The strawberries when I first remember them are not red but blue, that blue flare, before the whitehot part of the wire, sun glancing from the points of waves. It was the heat that made things blue like that, rage, I went into the waste orchard because I did not want to talk to you or even see you, I wanted instead to do something small and useful that I was good at. It was June, there were mosquitos, I stirred them up as I pushed aside the higher stems, but I didn't care, I was immune, all that adrenalin kept them away, and if not I was in the mood for minor lacerations. I don't get angry like that any more. I almost miss it.
I'd like to say I saw everything through a haze of red; which is not true. Nothing was hazy. Everything was very clear, clearer than usual, my hands with the stained nails, the sunlight falling on the ground through the apple-tree branches, each leaf, each white five petalled yellow centred flower and conical fine-haried dark red multi-seeded dwarf berry rendering itself in dry flat two dimensional detail, like background foliage by one of the crazier Victorian painters, just before the invention of the camera; and at some time during that hour, though not for the whole hour, I forgot what things were called and saw instead what they are.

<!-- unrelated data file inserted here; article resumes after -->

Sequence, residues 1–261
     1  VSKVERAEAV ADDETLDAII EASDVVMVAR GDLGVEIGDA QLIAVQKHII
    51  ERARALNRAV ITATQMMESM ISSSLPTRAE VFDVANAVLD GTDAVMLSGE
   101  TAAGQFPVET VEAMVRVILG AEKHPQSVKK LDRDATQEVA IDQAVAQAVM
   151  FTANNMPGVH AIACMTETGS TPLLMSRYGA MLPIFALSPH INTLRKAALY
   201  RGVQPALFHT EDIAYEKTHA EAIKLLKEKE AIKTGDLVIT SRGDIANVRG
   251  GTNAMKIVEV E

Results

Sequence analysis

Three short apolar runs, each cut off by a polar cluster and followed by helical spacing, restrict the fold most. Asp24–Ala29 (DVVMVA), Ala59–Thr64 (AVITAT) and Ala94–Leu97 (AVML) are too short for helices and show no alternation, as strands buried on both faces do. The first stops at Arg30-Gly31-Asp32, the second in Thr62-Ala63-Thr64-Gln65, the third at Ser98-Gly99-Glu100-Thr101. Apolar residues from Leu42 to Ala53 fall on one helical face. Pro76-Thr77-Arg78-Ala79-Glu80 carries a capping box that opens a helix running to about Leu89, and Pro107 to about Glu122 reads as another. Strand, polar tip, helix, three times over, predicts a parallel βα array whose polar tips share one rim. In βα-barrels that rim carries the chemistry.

from Murder In The Dark - pages 95 & 96
Friday 22 June is National Flash Fiction Day in New Zealand. Some of the Tuesday Poets will therefore be posting flash fiction this week instead of poetry. To quote Michelle Elvy (editor over on the Tuesday Poem hub this week and judge of this year's NFFD Competition), "If you're not sure about flash fiction, think short short fiction - usually stories up to 500 words are considered flash fiction - sometimes as long as 1000 but more often ever shorter, in the 250 - 300 range."
Click on the quill to read Michelle's flash fiction post - Bomb by Sian Williams - and from there follow the links to discover what our Tuesday Poets are up to this week.